The reasons for integrating the USB battery's circuit, rather than just the bare cells, are that I would then be able to use my tablet to charge other devices, and that I would be able to supply power to my tablet using the USB battery's input port while using the tablet's own USB port for an OTG device. It would also provide a rough battery level indication without waking the tablet. And I want to use the USB battery's 18650s, rather than some out of e.g. laptop batteries, because they're relatively unused and because they've been connected in parallel for their whole lives and are therefore perfectly matched (or as close as any four cells can be).

    This integration would mean that the two charge controllers (the tablet's and the USB battery's) would both be connected to the same battery simultaneously. That sounds like a really bad idea, especially because they're not even the same model, but I think it might actually be fine. (Any thoughts?)

    But… while I've been thinking about that for months, I haven't actually done any of the design work on that integration, so I'm not ready to do it. And, the other day, it became urgent to replace my tablet's battery (as detailed in the previous log entry). So I needed an interim battery replacement, immediately, to keep my tablet going until I could design the USB battery integration.

    I got out a small cardboard box that I remembered putting some lithium-ion batteries in a while back. It turned out to contain four prismatic batteries (rectangular prisms, to be precise), and a bunch of 18650s (which I discounted, because, not knowing their capacities, I'd have to use only one, and because, not having designed the case mod yet, I'd have to mount it externally with wires). One of the prismatic ones was from an iPhone and showed 0 V. The other three were LG branded and all showed around 4 V. I chose the one that wasn't a member of a pair of interchangeable ones, because those might be useful for some future project. This was a BL-T9 (lower right in the photo).

    i unplugged my tablet's stock battery, unwrapped it, and chopped the cell from the protection circuit with flush cutters. (I had, previously, attempted to look up the three chips on the protection board, with no results. The thermal fuse was a known and buyable part, though.)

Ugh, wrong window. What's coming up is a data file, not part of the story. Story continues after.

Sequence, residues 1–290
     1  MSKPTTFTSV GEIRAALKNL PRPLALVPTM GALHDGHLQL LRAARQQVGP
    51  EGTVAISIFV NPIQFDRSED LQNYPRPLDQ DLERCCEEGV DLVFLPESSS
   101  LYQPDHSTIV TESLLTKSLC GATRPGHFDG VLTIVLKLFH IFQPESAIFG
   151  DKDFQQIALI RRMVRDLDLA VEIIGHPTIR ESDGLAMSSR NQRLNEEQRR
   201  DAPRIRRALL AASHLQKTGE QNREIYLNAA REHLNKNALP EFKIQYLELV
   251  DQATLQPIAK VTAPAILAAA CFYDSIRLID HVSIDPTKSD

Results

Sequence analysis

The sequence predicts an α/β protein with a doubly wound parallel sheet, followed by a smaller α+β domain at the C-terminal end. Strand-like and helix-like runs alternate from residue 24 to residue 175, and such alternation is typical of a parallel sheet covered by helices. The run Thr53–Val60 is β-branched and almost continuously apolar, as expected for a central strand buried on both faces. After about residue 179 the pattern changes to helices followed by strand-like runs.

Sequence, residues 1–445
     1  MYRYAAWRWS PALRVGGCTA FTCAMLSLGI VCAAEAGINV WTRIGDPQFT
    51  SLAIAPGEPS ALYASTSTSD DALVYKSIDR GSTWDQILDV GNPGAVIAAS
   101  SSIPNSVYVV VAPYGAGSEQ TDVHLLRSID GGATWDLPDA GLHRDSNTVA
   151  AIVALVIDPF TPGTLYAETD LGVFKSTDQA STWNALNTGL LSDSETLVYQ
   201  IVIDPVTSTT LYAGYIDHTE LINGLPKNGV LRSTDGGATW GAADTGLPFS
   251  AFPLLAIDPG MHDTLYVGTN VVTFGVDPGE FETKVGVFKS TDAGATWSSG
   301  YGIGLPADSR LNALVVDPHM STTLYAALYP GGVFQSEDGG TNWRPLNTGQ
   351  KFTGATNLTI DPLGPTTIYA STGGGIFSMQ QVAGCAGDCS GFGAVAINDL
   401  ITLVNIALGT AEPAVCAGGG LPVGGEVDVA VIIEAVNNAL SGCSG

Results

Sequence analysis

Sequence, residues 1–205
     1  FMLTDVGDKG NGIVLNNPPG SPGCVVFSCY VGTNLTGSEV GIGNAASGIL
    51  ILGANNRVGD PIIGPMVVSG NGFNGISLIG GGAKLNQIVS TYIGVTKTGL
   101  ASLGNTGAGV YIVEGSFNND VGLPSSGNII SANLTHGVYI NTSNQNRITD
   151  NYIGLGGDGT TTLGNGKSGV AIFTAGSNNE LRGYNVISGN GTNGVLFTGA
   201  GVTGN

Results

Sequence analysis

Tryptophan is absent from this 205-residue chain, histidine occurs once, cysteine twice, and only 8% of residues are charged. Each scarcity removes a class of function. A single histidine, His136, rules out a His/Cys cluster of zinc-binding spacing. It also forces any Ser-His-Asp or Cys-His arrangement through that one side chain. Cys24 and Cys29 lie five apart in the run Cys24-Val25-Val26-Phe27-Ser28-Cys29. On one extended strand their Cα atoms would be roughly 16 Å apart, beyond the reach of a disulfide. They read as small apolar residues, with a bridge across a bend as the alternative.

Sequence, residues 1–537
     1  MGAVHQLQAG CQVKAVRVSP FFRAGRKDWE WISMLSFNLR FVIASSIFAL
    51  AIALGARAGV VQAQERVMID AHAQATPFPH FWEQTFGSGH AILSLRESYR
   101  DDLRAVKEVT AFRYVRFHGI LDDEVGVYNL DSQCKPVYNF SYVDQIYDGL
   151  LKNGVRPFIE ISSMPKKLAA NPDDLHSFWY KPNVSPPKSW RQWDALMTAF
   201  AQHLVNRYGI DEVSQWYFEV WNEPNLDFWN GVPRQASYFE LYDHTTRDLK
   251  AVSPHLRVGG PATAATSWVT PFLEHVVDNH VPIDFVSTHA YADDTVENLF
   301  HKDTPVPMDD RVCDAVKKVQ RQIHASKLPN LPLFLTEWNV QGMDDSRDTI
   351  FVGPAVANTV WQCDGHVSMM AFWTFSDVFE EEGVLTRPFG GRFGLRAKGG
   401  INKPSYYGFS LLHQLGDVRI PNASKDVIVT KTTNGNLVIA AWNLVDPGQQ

The protection circuit appears to use the cheat of using a fixed resistor (R4, right by the wires) instead of a thermistor, but I knew it was compatible with my tablet's motherboard, while I...

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  • Background

    PointyOintment07/20/2018 at 20:28 0 comments

    I've had my Acer Iconia One 7 (model B1-730) tablet for three years now, and it's been my only mobile device for most of that time.

    (I dropped my phone, an excellent LG G2, shortly after getting the tablet, which resulted in its screen breaking. I used it with a USB trackpad attached to it with popsicle sticks for a while, until I got around to replacing its screen. But the replacement screen was broken on arrival, worse than the one it replaced, and I never bothered to replace the screen again or get a new phone.)

    Anyway, this tablet is awful. I can only say one good thing about it, which is that it's somewhat durable (though it does have a broken corner and a scratched screen, and some of the paint has worn off the back). Other than that: The vertical viewing angle range of the screen is from -5° to -15°. It has so little ram that it often can't keep two apps in memory simultaneously. (f I try to cross-reference between emails and maps or a website, I'll spend most of the my time waiting for each one to reload after viewing the other. Things in the background like Spotify playing music, Tinycore monitoring ram usage, and Twilight reddening the screen also get pushed out of memory frequently while I'm, say, browsing Reddit.) It has stereo speakers, but they're both at one end, so you don't get stereo when watching something in landscape. The Bluetooth hasn't worked in a couple of years or so. (It shows up as on, but cannot be turned off or used in any way.) The Wi-Fi hasn't remembered networks through restarts or Wi-Fi disabling/enabling in a couple of years. The Wi-Fi speed varies between less than 1 kB/s and several MB/s, from one restart to the next, with some kind of up/down trend over months. The battery gauge always read 95%, even when it was also saying it was done charging, for the entire first year I had it, which resulted in the battery getting damaged because neither I nor the tablet knew it was low until it was below what should have been 0% and the tablet just died. (I think I accidentally fixed that by unplugging and replugging the battery; the gauge has worked fine since.) Occasionally (sometimes when dropped, sometimes spontaneously) the screen would stop sensing touch, for which the only solution was a hard reboot (because I couldn't touch the onscreen button to shut down cleanly).

    TL;DR: Don't pay any more than $10 for a B1-730. (Other tablets in the family might be better; I haven't tried them.)

    So that's what was already happening, before the last couple of months. In the last couple of months, the battery finally wore out to the point that it lasted less than half an hour on a charge, so I started just carrying around my tablet with a USB battery permanently plugged in. Even with that, by a couple of weeks ago, it couldn't even last one minute on a charge. Soon after that, it was so bad that apps would crash when I'd try to scroll rapidly or perform other actions that involved strenuous animations, even when the tablet was plugged into external power (which I think was because it relies on the battery to handle transient loads even when plugged in).

    Then, I tried restarting it because it stopped sensing touch at one point, and it never progressed beyond the boot animation. Forcibly turning it off and trying again resulted in a successful boot—that time. (This had happened once a few days before, so it didn't surprise me greatly.) But the Wi-Fi was slow after that boot, so I tried to reboot it again, and it got stuck again. It has not booted successfully since then, and not for lack of trying (and cache clearing).

    I assumed that this was just the battery having gotten even worse, which leads us to the next log entry…

View all 3 project logs